Venture Stories: What Jd Ross Thinks About Basically Everything
|David Senra||Feb 20, 2019|
Mental models are helpful to me because I am not very smart. Mental models let you make sense of the world. Having patterns to make me smart is helpful. I became interested in them after hearing Charlie Munger give a talk where he expounds on mental models for an hour and a half. It’s an incredible talk.
One mental model is invert, always invert. Charlie Munger and Warren Buffett use it to ask why shouldn’t we invest in this company. Being deliberately contrarian allows you to uncover interesting ideas. Many hard problems are solved when they are addressed backward.
One of my principles: Bottom-up beats top-down almost every time.
OpenDoor is a real estate technology company that lets people instantly buy and sell homes. You can trade-in your house as you trade in a car.
Founding stories of a nation, city, people, company - stick with it forever.
People are building their own businesses on OpenDoor. Here’s an example: After we buy these homes we have to clean them up. There was an unemployed single mother in Phoenix. She started out cleaning homes. As we kept growing we kept giving her more homes to clean. She kept hiring people to help her clean. Now she has 50 employees in 6 different markets across the US.
Cofounder relationships are not supposed to be easy. They are supposed to be productive. When you are picking co-founders, find compliments. People naturally gravitate toward people who are like them. But when picking co-founders find people who have skill sets that you don’t.
The founding story/myth of OpenDoor: OpenDoor was conceived by Keith Rabois soon after PayPal sold to eBay. He went to Peter Thiel to raise money. Keith pitched an idea that was essentially like Zillow. Peter said that is a terrible idea. Come back with something different. Keith said what if we bought the houses? Peter said that was perfect. We just couldn’t do it at that time [early 2000s] because there wasn’t enough data to value homes accurately.
The secret that OpenDoor is founded on is that homes are not different. Most homes are basically the same. OpenDoor focuses on the middle 80% of homes in America.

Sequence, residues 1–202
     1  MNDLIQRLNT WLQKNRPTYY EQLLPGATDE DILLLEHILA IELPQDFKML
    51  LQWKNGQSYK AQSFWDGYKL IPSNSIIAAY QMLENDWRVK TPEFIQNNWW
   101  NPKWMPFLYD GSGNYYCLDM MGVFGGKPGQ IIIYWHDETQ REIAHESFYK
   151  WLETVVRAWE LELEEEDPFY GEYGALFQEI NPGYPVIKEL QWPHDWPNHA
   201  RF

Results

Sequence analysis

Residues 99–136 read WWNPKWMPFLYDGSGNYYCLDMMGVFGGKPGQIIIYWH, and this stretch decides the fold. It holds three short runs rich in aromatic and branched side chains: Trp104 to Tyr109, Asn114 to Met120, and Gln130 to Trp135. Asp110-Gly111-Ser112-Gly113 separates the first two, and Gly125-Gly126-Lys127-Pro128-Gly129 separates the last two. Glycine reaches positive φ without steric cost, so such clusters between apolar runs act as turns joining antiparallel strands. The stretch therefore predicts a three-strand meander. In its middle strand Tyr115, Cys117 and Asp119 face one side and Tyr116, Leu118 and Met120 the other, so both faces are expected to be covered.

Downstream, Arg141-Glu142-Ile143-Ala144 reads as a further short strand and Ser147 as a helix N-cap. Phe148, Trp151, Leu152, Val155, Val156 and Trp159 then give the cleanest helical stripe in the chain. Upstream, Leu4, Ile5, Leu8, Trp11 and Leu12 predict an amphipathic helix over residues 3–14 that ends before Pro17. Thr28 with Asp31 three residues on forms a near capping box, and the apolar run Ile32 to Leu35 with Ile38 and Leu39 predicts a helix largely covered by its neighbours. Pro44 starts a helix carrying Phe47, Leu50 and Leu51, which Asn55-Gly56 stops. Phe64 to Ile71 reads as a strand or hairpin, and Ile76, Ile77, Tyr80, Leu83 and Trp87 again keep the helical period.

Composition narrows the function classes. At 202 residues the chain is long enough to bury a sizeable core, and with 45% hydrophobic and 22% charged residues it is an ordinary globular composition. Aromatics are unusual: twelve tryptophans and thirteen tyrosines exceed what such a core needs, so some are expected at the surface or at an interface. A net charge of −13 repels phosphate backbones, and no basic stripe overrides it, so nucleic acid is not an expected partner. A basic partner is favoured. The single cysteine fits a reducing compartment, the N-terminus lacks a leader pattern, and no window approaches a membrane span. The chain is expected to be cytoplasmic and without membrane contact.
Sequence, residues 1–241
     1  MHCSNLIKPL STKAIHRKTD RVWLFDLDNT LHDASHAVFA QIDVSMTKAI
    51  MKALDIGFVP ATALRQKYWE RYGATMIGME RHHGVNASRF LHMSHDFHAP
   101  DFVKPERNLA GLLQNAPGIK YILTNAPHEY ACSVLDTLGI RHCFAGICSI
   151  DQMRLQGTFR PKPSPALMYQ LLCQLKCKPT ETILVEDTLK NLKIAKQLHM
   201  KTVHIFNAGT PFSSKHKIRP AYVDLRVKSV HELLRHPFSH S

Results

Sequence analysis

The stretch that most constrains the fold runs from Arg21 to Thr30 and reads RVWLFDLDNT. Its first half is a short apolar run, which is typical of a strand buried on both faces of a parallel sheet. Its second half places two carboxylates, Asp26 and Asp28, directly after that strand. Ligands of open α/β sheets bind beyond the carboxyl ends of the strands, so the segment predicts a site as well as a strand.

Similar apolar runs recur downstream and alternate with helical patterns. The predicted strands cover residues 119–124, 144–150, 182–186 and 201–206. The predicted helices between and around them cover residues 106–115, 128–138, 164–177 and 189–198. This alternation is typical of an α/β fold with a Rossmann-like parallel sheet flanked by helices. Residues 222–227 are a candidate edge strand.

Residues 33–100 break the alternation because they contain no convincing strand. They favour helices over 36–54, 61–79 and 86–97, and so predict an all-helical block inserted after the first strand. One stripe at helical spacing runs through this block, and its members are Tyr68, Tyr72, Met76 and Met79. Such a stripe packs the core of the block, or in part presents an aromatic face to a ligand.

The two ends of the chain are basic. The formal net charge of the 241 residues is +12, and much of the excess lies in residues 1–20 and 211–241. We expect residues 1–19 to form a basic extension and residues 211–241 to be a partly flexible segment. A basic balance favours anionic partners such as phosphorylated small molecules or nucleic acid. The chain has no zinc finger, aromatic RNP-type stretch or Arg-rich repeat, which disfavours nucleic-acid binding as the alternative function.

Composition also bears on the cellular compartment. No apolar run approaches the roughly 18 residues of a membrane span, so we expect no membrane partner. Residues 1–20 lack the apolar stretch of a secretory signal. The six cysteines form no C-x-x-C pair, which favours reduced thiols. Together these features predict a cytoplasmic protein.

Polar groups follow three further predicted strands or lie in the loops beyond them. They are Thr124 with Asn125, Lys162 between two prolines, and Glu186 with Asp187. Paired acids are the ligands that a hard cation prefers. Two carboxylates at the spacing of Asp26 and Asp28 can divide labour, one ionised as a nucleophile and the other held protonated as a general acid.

We have a much bigger vision than we started with. We started by buying homes instantly using the internet. Now we are going to let people move with one click. They will always know what their home is worth. They’ll always be able to get money in and out of it. They can get a mortgage at the tap of a button. The mortgage can move with them as they move.
You want to set the biggest, scariest vision you can. People who are great only want to work on things that are great.
I think all the value in life comes from the places where you let roots settle into the ground. Deep relationships and deep work. You only get that from focusing on one problem for a long time. That’s where fulfillment comes from.
There is an opportunity for someone to build a company like Airbnb for homeschooling. A way to make it easy for anyone to turn their home into a micro-school. Somebody is going to do it. People who are homeschooled outperform in nearly every dimension. They outperform on standardized tests, happiness, costs etc.
The single worst thing you could have in your company is snark. Snark happens when people don’t feel empowered to make change so they fall back on sarcasm. It is a symptom of people not knowing what else to do.
Being fit and exercising is vital to everyone. Put on an Apple Watch and do a Barry’s Bootcamp type workout [high-intensity interval training] a few times a week. You’ll see your resting heart rate go down, your VO2 max go up, and you’ll sleep better.
What is your advice to help people surround themselves with great people? Become more intolerant of people who don’t make you better. Stop hanging out with toxic people. Spend time with people you admire. Be rigorous about this.
Book recommendation: The Evolution of Civilizations: An Introduction to Historical Analysis by Carroll Quigley.
Something I learned from Ben Franklin: It is important to be really good at what you do, but you also have to tell the right stories. Humans are tool builders and story tellers.